IN THE SHADOW OF THE MOON
by Discovery Films
Reviewed by Steven H Silver
"In the Shadow of the Moon" is a documentary directed by David Singleton and presented by Ron Howard. Although it focuses on NASA's push to the Moon, highlighting the Apollo 11 mission, it covers the entire span of NASA's lunar missions and includes on-screen interviews with many astronauts, the only people who appear on the screen outside of archival footage.
Although focused on the lunar landings, the film does begin with a look at NASA's early launch failures, many of them ending in spectacular explosions which left quite an impression on my nine-year-old daughter as we watched. The film also included the nearly obligatory coverage of the Apollo 1 loss and its aftermath, all of which was a prelude to the actual lunar landing.
Ten of the surviving eighteen men who have reached Lunar orbit are featured in the film, and they represent all the Apollo flights up to Apollo 17 with the exception of Apollo 7. Their stories are interesting, although the intercutting between their interviews and some of the archival file seems strange. When Buzz Aldrin first appears on screen, the clips only feature short sentences before the filmmakers cut to the words of the other astronauts. Later, footage of an Apollo capsule shot from a separated stage tends to last a little too long, although as it ends, with the view of the Earth's atmosphere, Gene Cernan's comments explain the decision to include so lengthy a clip.
The astronauts are also able to put a human face on the lunar explorers in a manner which nobody else can. Charles Duke proudly showed drawings by his children, Charlie and Tom, which were included in the mission plan wishing him a speedy and safe return. Other astronauts discussed the spiritual change that occurred as they looked back on the small, fragile, Earth they had left behind.
Each astronaut also allowed his personality to show through. Most notably, Michael Collins, the command module pilot on Apollo 11, told simple stories which fully captured what the astronauts were going through. Alan Bean's interviews clearly show a man who is still surprised by the fact that he was given the opportunity to travel to the Moon, an everyman for the program who viewed it as the adventure it was.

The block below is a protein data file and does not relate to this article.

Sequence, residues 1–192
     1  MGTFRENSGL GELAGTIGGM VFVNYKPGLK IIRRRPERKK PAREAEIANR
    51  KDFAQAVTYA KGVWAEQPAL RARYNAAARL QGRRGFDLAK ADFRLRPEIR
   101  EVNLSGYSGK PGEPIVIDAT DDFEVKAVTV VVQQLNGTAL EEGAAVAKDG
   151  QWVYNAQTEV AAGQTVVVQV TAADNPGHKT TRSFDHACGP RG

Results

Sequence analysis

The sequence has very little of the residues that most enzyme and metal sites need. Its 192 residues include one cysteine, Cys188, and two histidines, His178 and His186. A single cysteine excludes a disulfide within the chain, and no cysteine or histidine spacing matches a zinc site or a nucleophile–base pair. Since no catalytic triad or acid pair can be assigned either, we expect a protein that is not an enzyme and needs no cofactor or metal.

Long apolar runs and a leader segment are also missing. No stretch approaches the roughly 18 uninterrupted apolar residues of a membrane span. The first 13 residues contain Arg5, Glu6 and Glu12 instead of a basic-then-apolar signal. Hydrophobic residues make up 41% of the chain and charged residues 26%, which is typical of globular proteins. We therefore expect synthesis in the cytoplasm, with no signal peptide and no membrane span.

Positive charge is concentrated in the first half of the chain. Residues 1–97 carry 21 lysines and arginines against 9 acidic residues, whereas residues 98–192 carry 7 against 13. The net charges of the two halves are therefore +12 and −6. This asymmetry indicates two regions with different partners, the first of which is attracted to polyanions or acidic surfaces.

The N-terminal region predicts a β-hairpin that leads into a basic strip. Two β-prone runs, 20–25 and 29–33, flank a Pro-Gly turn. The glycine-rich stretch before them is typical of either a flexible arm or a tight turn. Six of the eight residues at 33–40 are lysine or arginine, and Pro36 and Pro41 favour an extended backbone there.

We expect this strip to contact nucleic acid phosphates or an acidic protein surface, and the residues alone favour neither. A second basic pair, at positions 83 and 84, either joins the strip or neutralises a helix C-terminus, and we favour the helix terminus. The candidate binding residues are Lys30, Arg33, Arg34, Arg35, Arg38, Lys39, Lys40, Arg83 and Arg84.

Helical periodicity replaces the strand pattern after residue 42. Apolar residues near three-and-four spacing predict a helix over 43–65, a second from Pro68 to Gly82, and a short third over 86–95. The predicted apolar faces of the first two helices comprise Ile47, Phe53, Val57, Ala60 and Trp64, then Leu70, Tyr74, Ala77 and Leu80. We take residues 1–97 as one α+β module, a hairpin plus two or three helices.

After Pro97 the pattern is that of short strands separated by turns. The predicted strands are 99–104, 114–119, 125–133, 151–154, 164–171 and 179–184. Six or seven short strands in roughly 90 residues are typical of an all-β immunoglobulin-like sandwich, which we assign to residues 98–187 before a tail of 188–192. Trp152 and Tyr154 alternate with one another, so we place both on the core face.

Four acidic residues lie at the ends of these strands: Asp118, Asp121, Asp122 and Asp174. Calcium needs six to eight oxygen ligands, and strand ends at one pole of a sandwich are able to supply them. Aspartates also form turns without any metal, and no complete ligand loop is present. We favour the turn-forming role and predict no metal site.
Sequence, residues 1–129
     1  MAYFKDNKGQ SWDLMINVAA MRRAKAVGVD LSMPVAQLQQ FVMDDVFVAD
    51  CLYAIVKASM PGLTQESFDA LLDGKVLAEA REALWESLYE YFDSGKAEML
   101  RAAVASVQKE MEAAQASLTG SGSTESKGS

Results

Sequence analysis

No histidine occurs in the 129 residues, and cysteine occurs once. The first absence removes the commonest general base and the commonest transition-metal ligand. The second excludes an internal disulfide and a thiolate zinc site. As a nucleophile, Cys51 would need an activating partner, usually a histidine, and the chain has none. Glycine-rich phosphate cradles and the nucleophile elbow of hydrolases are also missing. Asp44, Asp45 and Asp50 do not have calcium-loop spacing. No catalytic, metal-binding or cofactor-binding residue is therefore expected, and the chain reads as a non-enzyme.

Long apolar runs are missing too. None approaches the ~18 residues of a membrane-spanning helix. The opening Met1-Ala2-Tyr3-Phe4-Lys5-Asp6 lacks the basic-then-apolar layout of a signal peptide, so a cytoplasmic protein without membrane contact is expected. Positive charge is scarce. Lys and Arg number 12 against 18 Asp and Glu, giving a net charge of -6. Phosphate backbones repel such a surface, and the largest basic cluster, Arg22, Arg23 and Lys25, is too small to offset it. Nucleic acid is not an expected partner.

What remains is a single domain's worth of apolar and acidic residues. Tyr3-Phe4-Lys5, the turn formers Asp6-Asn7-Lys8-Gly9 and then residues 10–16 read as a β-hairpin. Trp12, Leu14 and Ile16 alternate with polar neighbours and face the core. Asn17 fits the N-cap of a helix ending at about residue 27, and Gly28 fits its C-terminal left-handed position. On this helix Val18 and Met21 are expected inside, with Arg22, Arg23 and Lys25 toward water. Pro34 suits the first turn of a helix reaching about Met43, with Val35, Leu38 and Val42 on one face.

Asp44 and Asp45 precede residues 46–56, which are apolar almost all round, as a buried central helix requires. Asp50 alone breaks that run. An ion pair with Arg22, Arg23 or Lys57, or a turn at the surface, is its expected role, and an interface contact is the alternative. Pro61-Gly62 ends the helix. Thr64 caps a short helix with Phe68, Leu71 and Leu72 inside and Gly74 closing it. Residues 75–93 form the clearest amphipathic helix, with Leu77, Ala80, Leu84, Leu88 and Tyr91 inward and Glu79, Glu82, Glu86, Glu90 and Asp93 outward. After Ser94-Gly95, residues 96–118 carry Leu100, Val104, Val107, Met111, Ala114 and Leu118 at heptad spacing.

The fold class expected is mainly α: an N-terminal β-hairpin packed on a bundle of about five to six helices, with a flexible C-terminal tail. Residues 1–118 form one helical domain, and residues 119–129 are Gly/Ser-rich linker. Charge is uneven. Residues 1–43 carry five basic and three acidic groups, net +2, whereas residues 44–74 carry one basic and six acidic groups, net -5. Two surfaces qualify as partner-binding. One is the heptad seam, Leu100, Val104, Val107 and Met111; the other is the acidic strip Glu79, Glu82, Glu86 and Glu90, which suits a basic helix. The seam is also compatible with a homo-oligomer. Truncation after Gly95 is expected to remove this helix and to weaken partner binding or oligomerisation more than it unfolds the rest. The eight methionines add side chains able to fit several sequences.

Because the Apollo 11 mission is the one in which man first set foot on the surface of an alien world, it holds a cachet of wonder, and In the Shadow of the Moon focuses on that particular landing more than any of the others. This tight focus is a pity, given the wonderful things that the astronauts on later missions discovered. Apollo 13 gets special mention, perhaps because the dramatization starring Tom Hanks reignited public interest in it, but with two moon walkers each from Apollo 16 and 17, those missions could easily have taken up more space, as well as the discovery of the "Genesis Rock" by David Scott on Apollo 15.
Despite some problems with pacing, In the Shadow of the Moon does an excellent job of giving an overview of the Apollo missions and the times, although Tom Hanks's miniseries From the Earth to the Moon is able to go over the same ground at much greater detail. Nevertheless, having the actual voices of the astronauts who traveled to the Moon, although Bean does joke about the conspiracy theorists' claim that the lunar landings were shot in a soundstage in New Mexico, brings a vitality to the film which lifts it above most documentaries.
Coincidentally, at the same time the film was released, Francis French and Colin Burgess published a book, In the Shadow of the Moon, which also relies heavily on interviews with several of the Apollo (and Gemini) astronauts, although that unrelated book covers the period from the first manned Gemini mission to Apollo 11. While the book offers greater depth, it lakes the images and voices the documentary has. Packaging the book and the DVD together would be a wonderful marketing move if Discovery Films could come to an agreement with French and Burgess.